One of the most striking findings of this study is that readmission rates among the elderly appear to be markedly high with one-fifth of admissions occurring due to returning patients, mostly within 30 days of discharge. Encouragingly, there was better use of ARAs in the readmitters group compared to the single admitter group; however, this was not replicated for other treatments. This study has also shown that readmitters have less follow-up and increased long-term mortality compared to single admitters, highlighting the need for better community monitoring of heart failure in this group to prevent readmission and to improve outcomes. Interestingly, there were no significant differences in comorbidities or clinical frailty between single admitters and readmitters. LVEF, however, was significantly lower in the readmitters group, suggesting the use of LVEF in identifying patients who have a higher risk of readmission and carry a worse prognosis.
As with the NHF audit, this study has also identified key differences in heart failure management and patient outcomes between those managed on COE and cardiology wards. For example, like the NHF audit, a greater percentage of patients admitted to cardiology wards underwent inpatient echocardiography, suggesting poorer access to specialist investigations by COE teams. A lower percentage of patients on COE teams were also discharged on β blockers, as with the NHF data.3 This finding may partly be explained by the fact that chronic obstructive pulmonary disease was more common in the COE group, although this did not reach statistical significance. Another key finding was the significantly increased mortality in those managed on COE wards versus cardiology wards, and although our data have not been adjusted for age, sex, aetiology, symptoms, treatment and investigations, a similar outcome has also been identified in the NHF audit where such adjustments were made.
This study has a number of limitations. First, patient outcomes, such as treatment on discharge and echocardiography, may be under-represented through selection bias, as all patients without a discharge medication summary were excluded from the study, and only inpatient echocardiography, the data of which were available, was looked at. Mortality data in this study may also be under-represented due to the small population size. To improve the validity of our study and to look at the influence of social class/geographical differences on heart failure in the elderly, a larger multicentre study would need to be performed.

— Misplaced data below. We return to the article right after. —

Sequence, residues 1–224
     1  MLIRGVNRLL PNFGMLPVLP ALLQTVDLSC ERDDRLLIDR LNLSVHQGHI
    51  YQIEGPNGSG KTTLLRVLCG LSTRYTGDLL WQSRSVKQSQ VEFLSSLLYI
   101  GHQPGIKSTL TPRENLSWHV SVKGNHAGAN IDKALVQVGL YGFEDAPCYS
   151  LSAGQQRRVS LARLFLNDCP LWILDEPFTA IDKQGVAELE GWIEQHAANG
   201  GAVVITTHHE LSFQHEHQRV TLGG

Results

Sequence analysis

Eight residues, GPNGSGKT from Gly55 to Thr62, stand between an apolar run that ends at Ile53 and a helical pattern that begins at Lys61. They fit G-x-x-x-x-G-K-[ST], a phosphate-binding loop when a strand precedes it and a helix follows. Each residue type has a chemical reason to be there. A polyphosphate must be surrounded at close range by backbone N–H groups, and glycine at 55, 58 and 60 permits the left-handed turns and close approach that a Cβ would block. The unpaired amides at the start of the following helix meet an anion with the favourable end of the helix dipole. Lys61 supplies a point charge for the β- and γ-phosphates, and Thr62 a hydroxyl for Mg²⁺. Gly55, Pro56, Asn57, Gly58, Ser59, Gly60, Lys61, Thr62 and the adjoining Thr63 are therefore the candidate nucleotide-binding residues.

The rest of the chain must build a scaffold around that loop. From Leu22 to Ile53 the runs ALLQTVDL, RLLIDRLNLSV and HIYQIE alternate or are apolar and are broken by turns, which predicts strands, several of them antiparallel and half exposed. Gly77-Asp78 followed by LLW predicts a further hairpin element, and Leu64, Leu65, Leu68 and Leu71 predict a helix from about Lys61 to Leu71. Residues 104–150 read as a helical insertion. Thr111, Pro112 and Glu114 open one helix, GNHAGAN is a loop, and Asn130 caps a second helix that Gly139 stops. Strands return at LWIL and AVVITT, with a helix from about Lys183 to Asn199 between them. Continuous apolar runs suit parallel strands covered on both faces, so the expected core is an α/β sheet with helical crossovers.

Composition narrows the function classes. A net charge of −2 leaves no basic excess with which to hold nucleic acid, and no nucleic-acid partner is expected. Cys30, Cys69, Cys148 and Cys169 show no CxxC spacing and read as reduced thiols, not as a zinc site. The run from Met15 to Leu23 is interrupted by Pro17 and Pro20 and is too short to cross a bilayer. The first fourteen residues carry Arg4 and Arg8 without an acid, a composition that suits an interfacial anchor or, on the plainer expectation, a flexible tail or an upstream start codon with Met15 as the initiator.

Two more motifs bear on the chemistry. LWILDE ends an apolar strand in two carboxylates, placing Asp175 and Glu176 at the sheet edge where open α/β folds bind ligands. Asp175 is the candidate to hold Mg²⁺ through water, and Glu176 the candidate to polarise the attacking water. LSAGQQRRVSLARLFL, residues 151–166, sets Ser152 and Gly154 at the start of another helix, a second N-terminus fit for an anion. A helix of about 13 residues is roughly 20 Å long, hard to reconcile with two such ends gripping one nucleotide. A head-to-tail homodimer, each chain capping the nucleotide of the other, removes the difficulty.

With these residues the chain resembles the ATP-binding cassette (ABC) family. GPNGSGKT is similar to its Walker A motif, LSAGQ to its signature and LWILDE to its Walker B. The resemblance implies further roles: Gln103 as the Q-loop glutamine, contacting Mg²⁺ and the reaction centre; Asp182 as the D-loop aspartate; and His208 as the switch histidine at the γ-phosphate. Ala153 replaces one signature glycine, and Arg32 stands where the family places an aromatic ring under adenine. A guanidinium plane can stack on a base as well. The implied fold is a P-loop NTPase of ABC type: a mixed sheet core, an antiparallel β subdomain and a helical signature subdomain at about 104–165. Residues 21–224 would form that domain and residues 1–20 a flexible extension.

In summary, this study has shown that investigation and treatment for heart failure in the elderly can be improved, that readmission rates and mortality remain high and that access to specialist cardiology input is associated with better outcomes in terms of treatment and mortality. Clearly, this highlights the need for a change in the delivery of heart failure care in the elderly. This should start with the initial assessment, as the efficacy of rapid access heart failure clinics in providing a rapid assessment, diagnosis and early introduction of recommended treatments has been demonstrated previously.13 In the hospital setting, geriatricians and cardiologists should follow the lead taken by acute myocardial infarction to ensure that there are improvements in the access of older patients to recommended investigations and treatments, if tolerated. Following the success from acute stroke management, this could be implemented on a designated heart failure unit where geriatricians and cardiologists would work as part of a multidisciplinary team. Finally, much more needs to be done in the community setting to improve heart failure outcomes, including better integration of community and secondary care services. The role of community heart failure teams in reducing readmission and improving mortality has also been well documented in retrospective cohort studies14 and randomised controlled trials,15 ,16 and thus there should be greater involvement of specialist heart failure teams working alongside geriatricians in the outpatient setting.
- Received February 26, 2014.
- Revision received April 9, 2015.
- Accepted April 28, 2015.
Competing interests None declared.
Provenance and peer review Not commissioned; externally peer reviewed.